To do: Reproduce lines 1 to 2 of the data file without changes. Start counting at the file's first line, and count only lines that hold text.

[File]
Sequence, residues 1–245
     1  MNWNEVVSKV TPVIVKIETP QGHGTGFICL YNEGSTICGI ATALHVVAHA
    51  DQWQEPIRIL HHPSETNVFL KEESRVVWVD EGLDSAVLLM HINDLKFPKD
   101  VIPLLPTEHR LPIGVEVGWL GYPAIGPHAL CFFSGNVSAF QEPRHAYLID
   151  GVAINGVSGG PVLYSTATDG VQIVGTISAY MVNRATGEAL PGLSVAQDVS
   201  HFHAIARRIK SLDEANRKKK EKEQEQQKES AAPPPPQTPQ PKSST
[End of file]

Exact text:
Sequence, residues 1–245
     1  MNWNEVVSKV TPVIVKIETP QGHGTGFICL YNEGSTICGI ATALHVVAHA